“Since this pandemic started in Brazil, a lot of deaths that happened are being tested after the fact. We were getting numbers of people that died a month ago from COVID-19, so they weren’t reported then, but they’re being reported now,” Motta said. “It doesn’t show the true situation because if it shows 1500 people died today, it doesn’t mean that they died today; it means their deaths were reported today, but it might be people who died two or three weeks ago.”


What Motta thought was that they were trying to show the actual number of cases reported each day, but with it coming from the government, they don’t know the true intention behind it.


Motta said, “they explained it as the numbers went back and I understood it better, but at the end of the day, we don’t know where we stand.”


Santos said it was outrageous to him that knowing that they’re going through this crisis and people are not being transparent with them of what’s going on.


“It’s scary because what else are they not showing us as a population?” Santos said. “If they’re covering up numbers for a pandemic, I can only imagine what other things they’re not showing to its people.” 




To Motta, having unity as people going through a pandemic needs to be addressed.


“It was each person trying to think for themselves instead of thinking for the better of the whole population,” Motta said. “We just need to practice empathy more as not everything needs to be a fight.”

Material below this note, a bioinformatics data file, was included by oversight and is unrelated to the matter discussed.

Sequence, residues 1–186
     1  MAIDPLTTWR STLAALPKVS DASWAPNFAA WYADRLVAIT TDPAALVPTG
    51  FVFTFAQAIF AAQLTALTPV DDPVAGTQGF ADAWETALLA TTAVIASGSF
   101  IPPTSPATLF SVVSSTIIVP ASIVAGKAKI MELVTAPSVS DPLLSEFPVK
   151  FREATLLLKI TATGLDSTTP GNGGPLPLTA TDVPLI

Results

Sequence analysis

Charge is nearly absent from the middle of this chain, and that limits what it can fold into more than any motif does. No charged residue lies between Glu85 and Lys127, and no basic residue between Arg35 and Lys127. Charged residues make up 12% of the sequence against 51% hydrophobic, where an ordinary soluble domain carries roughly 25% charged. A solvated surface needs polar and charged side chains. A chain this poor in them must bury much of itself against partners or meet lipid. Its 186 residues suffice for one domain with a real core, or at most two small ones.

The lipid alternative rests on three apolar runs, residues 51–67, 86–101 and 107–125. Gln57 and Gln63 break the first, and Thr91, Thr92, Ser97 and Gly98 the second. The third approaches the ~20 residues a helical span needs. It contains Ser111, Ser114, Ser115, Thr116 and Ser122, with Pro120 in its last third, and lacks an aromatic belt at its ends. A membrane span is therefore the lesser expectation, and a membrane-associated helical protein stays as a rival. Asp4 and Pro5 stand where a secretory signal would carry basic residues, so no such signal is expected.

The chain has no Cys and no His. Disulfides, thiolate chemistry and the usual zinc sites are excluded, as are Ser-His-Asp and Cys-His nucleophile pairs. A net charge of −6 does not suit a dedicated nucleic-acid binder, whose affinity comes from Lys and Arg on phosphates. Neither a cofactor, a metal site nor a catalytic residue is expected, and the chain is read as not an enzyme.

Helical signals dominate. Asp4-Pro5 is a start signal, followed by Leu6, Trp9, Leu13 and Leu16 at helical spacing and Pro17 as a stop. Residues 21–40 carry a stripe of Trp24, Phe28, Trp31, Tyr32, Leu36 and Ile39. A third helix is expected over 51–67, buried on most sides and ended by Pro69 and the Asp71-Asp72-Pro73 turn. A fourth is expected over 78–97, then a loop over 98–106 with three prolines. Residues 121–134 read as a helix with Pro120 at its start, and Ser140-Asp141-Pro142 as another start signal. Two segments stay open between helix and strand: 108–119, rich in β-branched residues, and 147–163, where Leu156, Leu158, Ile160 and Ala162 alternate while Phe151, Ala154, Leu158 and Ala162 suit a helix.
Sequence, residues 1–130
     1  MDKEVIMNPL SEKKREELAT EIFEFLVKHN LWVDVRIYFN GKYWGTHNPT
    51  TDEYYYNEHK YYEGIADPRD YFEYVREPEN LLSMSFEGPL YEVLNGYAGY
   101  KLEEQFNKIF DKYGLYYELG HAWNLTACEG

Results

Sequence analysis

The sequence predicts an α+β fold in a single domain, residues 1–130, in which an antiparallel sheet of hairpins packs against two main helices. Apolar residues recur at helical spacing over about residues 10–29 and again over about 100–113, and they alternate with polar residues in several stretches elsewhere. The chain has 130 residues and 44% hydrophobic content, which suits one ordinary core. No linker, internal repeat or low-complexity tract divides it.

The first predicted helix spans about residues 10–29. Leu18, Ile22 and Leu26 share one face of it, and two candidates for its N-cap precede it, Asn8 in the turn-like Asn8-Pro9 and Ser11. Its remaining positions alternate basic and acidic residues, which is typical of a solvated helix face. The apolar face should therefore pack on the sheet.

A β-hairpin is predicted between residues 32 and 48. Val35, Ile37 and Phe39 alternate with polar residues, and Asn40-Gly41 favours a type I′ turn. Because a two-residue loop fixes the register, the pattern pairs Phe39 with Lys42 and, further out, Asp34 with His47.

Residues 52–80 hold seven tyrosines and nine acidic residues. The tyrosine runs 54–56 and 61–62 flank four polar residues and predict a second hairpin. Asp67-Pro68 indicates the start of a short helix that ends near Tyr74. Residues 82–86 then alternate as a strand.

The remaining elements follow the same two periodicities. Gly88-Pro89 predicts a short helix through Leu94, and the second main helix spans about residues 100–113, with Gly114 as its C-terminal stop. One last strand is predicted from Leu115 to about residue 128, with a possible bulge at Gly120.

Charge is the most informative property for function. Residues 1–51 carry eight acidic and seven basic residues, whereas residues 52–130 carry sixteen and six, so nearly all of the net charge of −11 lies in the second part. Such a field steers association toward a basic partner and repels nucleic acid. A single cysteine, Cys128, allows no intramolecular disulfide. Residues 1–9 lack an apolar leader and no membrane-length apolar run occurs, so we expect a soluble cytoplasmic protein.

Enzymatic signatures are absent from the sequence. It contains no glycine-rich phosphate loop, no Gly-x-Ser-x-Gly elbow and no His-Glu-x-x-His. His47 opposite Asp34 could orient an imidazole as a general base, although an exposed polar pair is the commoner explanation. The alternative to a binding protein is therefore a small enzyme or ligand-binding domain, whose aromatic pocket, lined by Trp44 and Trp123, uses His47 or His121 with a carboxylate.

The government having transparency with its people is also an issue Motta brings up that has to be taken care of.


Motta said, “it needs to show more of the reality as far as numbers go, the purchase of equipment, and the purchase of medications because, with its corruption, it needs to be even more transparent to other countries to show they’re trying to make it better.”


Santos thinks we should be better prepared for the future because this was a pandemic with no precedence.


“We have never experienced this kind of virus before,” Santos said. “In the future, we’ll be better prepared in the sense that we’re going to know what’s best in how to manage this.”


Richard Pereira is a staff writer for the University Press. For information regarding this or other stories, email [email protected] or tweet him @Richard042601.